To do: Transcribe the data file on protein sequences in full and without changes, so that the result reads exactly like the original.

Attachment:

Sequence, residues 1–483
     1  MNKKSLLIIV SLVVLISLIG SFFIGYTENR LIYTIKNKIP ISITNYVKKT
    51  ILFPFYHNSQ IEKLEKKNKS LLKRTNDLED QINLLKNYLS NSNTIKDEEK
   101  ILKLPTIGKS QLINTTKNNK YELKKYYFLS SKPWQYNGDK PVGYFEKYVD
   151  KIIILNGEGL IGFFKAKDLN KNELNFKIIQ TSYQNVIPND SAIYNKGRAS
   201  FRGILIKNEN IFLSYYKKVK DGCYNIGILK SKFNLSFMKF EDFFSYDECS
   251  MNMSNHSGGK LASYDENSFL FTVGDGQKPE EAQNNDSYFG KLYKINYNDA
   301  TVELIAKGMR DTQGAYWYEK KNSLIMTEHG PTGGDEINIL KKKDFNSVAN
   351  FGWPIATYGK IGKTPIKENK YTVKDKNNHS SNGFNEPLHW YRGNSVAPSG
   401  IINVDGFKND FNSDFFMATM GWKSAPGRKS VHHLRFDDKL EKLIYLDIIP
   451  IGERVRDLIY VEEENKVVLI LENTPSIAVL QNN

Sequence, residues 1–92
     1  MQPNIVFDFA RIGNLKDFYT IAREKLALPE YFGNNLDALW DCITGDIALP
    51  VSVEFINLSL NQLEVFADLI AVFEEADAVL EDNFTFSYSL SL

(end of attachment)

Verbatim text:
Sequence, residues 1–483
     1  MNKKSLLIIV SLVVLISLIG SFFIGYTENR LIYTIKNKIP ISITNYVKKT
    51  ILFPFYHNSQ IEKLEKKNKS LLKRTNDLED QINLLKNYLS NSNTIKDEEK
   101  ILKLPTIGKS QLINTTKNNK YELKKYYFLS SKPWQYNGDK PVGYFEKYVD
   151  KIIILNGEGL IGFFKAKDLN KNELNFKIIQ TSYQNVIPND SAIYNKGRAS
   201  FRGILIKNEN IFLSYYKKVK DGCYNIGILK SKFNLSFMKF EDFFSYDECS
   251  MNMSNHSGGK LASYDENSFL FTVGDGQKPE EAQNNDSYFG KLYKINYNDA
   301  TVELIAKGMR DTQGAYWYEK KNSLIMTEHG PTGGDEINIL KKKDFNSVAN
   351  FGWPIATYGK IGKTPIKENK YTVKDKNNHS SNGFNEPLHW YRGNSVAPSG
   401  IINVDGFKND FNSDFFMATM GWKSAPGRKS VHHLRFDDKL EKLIYLDIIP
   451  IGERVRDLIY VEEENKVVLI LENTPSIAVL QNN

Sequence, residues 1–92
     1  MQPNIVFDFA RIGNLKDFYT IAREKLALPE YFGNNLDALW DCITGDIALP
    51  VSVEFINLSL NQLEVFADLI AVFEEADAVL EDNFTFSYSL SL